If the person affected by the NPD happens to be an introvert, it makes it hard for them to maintain a charismatic personality as a front. This person will use the exact same gaslighting tactic, and for the same reasons, but his gaslighting will manifest itself differently: instead of playing a hero and try to divert your attention with a glamorous act or over-exaggerated attention, he will clam up and play a victim. This is a "Vulnerable Narcissist" . (Do you see how we have the exact opposites here: hero -- victim, an outgoing act -- clamming up. These are two sides of the same coin, consistent with your personality type)

In either case, their gaslighting will eventually condition you to question your motives, your judgement and your very perception of reality. So be very careful: once you are confused, it will become very difficult for you to tell healthy self knowledge from the unfounded accusations of guilt. (By the way, the difference between self knowledge and toxic shame is simple: self-knowledge is based on reality, toxic shame -- on a lie) 

The term gaslighting comes from the name of an old movie (Gaslight- 1940). There, the tactic is portrayed and is used to cover up murder. The mainstream psychology articles often say that this is the first time and place it has been described. This is, however, incorrect. The first recorded incident of gaslighting took place in the Garden of Eden, when the Devil was trying to convince Eve to go ahead and eat from the tree of the knowledge of good and evil. "Did God really say - do not eat from this tree?", he asked. In other words, "DId you  really hear him correctly? Did you understand it correctly? Could you be misinterpreting things? etc, etc etc". Simply put, "You better question your memory and perception, Eve".

Gaslighting is very serious, folks. It is not to be taken lightly. From the standpoint of energy medicine, narcissists have the ability to penetrate the protective layer of our biological filed, and thus deliver their message on the subconscious level as unquestionable truth. This, of course, is a subject for a whole different article, but the main takeaway for the purposes of our discussion is this: gaslighting is extremely hard to spot and resist. 

I will give you an example from my personal experience. A few days ago, I met for lunch with someone who had done me a lot of wrong: stole from me, wrecked my credit, put my marriage in jeopardy, even made death threats. I came prepared to discuss my agenda firmly (let's not go into the details of what that agenda was, it is private and not relevant here). I am also trained, guys, in recognizing gaslighting, in dealing with NPD tactics and in handling situations like this. At yet, by the end of the conversation I was somewhat going along with his reasoning and seeing justifications for his cause. It took me about a day to sort it all out once I came home and gave it some thought, and all things eventually fell into the right perspective -- but think where I would have been if i A) did not have the training and experience that I do in these things B) was in the situation longer than 1.5 - 2 hours that it took us to eat lunch. In fact, it is common knowledge that highly  professional therapists who are not specifically trained in  NPD, would side with the narcissist every time when conducting marriage counseling.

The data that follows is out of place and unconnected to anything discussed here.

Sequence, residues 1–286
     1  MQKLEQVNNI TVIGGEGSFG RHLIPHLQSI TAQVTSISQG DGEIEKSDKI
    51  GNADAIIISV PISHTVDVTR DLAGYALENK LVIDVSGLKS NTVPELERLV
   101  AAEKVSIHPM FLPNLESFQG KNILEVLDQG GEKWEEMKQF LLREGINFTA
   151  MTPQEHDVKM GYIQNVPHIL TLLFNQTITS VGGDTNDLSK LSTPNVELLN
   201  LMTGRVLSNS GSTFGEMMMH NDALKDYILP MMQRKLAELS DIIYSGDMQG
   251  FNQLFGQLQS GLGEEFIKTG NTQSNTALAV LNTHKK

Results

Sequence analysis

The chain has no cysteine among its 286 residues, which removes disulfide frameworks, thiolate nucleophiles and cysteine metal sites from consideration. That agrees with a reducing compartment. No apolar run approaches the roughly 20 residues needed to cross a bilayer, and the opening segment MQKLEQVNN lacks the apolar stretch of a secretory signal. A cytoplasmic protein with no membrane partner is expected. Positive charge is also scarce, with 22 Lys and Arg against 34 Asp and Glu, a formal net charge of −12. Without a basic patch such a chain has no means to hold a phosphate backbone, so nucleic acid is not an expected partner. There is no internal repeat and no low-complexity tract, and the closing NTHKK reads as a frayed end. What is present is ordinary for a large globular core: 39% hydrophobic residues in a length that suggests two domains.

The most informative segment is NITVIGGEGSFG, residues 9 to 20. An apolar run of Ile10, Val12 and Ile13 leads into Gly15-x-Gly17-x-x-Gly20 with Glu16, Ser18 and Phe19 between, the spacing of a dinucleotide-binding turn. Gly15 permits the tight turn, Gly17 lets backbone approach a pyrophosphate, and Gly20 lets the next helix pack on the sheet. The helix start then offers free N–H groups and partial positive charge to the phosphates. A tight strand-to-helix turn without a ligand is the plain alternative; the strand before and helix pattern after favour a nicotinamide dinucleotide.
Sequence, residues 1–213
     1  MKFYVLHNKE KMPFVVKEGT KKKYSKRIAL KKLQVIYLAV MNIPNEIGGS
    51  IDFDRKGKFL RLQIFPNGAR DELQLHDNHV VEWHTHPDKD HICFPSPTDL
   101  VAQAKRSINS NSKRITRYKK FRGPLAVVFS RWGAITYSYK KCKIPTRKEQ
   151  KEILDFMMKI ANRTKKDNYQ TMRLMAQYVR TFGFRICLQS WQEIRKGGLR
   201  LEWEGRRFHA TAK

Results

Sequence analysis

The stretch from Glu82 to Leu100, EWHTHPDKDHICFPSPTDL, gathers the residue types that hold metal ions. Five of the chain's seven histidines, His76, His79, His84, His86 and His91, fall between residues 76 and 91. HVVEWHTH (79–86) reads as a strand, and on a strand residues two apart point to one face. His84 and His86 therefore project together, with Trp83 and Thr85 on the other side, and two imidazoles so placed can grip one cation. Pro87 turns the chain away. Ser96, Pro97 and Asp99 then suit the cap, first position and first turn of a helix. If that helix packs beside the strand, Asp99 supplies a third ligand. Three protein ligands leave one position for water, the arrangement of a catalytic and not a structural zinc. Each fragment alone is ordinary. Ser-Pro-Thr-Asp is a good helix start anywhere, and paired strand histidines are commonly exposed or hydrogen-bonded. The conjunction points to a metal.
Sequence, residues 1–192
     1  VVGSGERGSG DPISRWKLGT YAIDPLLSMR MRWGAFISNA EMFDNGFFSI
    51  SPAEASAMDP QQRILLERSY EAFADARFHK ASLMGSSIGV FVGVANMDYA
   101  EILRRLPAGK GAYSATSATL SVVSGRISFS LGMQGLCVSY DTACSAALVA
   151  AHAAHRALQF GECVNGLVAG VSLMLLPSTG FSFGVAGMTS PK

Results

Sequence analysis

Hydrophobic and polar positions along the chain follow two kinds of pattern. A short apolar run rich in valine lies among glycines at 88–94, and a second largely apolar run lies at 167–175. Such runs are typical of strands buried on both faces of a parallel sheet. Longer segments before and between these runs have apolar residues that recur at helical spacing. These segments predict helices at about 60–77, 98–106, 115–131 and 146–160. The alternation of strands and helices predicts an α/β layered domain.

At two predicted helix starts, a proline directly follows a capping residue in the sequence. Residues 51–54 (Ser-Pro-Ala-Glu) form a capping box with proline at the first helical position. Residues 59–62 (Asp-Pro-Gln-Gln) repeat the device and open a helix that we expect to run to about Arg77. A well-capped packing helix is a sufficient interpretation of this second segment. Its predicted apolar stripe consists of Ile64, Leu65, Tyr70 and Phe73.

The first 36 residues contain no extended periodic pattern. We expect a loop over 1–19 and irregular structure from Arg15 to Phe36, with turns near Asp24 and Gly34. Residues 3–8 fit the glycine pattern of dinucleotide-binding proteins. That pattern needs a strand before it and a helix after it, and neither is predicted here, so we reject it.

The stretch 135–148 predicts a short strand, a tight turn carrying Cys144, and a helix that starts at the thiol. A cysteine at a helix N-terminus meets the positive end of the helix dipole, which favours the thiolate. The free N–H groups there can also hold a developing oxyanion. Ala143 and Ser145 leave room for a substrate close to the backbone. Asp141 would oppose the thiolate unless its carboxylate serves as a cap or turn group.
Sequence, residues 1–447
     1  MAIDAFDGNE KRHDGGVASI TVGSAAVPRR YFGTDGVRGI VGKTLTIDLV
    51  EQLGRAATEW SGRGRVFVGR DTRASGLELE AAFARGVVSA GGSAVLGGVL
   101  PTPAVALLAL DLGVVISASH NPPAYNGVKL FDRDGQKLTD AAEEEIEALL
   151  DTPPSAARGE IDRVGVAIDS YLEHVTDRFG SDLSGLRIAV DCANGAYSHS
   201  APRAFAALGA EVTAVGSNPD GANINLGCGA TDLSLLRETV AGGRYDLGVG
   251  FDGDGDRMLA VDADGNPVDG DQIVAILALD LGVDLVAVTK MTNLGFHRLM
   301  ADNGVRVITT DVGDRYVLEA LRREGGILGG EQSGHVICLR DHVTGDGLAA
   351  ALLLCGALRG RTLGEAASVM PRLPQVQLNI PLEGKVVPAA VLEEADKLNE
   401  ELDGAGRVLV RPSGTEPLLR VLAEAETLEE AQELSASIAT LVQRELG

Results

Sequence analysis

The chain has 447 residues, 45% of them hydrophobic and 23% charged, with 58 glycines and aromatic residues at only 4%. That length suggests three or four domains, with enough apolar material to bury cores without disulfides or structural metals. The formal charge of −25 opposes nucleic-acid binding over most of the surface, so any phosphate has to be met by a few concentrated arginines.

Major takeaway: if you are seeing parallels here, do not brush the situation off. If you are experiencing galighting in your relationship on a regular basis, this means that you are in a relationship with someone who has NPD. You have heard it correctly. We all can resort to gaslighting in order to get what we want -- and most of us has done so, a time or two. But if you are experiencing gaslighting IN YOUR RELATIONSHIP ON A REGULAR BASIS, you are dealing with someone with NPD.

Now, in mainstream psychology, this is a death sentence. According to their advice, the best thing you can do once you detect NPD is get out of that relationship as quickly as you can. And there are reasons for that. As we've discussed above, gaslighting (being only ONE of the tactics the narcissists use) is very dangerous: it will eventually warp your sanity, if you do not so anything about it. Also, these relationships tend to get progressively worse, and result in physical and emotion abuse, and oftentimes even violence. Again, please do not take any of this lightly.